Tjena! I’ve realized this morning I last blogged about Sweden in March so let me amend that right away on Sweden’s National Day. The Swedes aren’t so big on the national day and there isn’t much going on in town, except for everything being closed. We have, however, had about two weeks of literally the best possible weather so I have no doubt everyone will be sprawled out on laws and rocks across the city just hanging out.
Yes, my friends, the “euphoric Swedish summer” has arrived in Gothenburg and it is indeed euphoric. Temperatures hanging around 25*C/75*F, lots of sun, 4am to 11pm daylight. We suffer through the long, dark winter but when Spring arrives, it really arrives. I was so worried it would just never be warm, but this year it seems we are going to have some nice weather. There are plenty of cold-weather photos in this update because we start in April.
The biggest news in my life is I have decided to “pivot” my career and enter front-end development. In August I’ll start a three-month coding bootcamp where I will learn lots of things I have dabbled in and lots of things I have never heard of. The idea being when I am done with that in late October, I’ll be able to get a job making websites or web apps or other nifty things. I’ve been building websites since I was a kid, and I think it’s time to take that interest to the big leagues.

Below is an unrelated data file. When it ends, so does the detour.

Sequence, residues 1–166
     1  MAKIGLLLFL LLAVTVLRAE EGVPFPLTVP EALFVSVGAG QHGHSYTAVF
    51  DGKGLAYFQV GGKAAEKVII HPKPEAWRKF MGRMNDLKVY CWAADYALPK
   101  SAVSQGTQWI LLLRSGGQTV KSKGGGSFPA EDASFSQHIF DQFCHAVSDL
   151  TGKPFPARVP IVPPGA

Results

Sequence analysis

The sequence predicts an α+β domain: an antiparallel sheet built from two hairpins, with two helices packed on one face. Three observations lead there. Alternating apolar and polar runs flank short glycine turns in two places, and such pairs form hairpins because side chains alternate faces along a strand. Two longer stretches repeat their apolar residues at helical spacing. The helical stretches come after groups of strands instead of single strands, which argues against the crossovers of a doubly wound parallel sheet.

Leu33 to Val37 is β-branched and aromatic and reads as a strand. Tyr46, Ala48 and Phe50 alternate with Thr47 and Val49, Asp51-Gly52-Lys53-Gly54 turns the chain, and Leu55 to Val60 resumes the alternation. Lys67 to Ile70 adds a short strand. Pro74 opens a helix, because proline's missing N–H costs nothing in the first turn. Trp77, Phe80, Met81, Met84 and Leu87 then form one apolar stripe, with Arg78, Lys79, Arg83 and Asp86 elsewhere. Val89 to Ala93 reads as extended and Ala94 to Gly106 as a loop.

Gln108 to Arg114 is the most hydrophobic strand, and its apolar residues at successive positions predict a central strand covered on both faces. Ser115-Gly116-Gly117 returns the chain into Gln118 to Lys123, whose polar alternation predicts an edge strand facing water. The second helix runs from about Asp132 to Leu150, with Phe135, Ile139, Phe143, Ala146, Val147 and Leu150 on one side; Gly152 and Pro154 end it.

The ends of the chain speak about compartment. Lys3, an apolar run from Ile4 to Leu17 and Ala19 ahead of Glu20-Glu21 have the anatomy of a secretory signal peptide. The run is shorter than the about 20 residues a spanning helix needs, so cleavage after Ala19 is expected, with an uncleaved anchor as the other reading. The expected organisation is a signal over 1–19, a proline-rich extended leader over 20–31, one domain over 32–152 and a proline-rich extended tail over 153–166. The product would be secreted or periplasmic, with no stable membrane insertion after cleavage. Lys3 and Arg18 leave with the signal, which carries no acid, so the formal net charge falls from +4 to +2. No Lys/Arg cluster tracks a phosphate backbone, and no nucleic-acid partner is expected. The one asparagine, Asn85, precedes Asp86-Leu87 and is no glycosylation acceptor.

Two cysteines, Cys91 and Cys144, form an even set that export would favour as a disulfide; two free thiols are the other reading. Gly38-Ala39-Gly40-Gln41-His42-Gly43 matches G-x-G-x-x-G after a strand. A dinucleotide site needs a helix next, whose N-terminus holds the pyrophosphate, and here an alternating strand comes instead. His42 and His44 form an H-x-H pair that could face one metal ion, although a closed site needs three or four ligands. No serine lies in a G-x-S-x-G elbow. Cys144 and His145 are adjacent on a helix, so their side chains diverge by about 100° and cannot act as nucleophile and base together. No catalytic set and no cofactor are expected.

The main draw is twofold: creative work that is in high demand and a career that is flexible and location-independent. We’re going to be moving quite a bit over at least the next few years, so it will be good to have something that I could possibly do remotely for a firm. Eventually I’ll be hoping to run my own show again.
I’m really excited about moving into this next phase of my life and almost as relieved to have chosen something to do with myself. Searching for jobs when you’re like “uh… I like learning stuff?” is a tricky prospect indeed.
Speaking of learning, I have been hard hard hard at work on Swedish. In my last update, I was finishing up my first month and starting to get a little comfortable in Swedish. Now I spend a few hours every week at language cafes speaking exclusively in Swedish. I’m feeling more than halfway there. It’s going really well and there’s still plenty to learn but I think I’m well on my way. I can have entire exchanges with waitresses and coffee shop people in Swedish, so that’s a big step. Actually chatting with people is a ways off, but I’ll get there.
I’m ditching the last month of Swedish to start the boot camp, but I’m sure I’ll pick it back up on the other side if I need it for work (which I may not).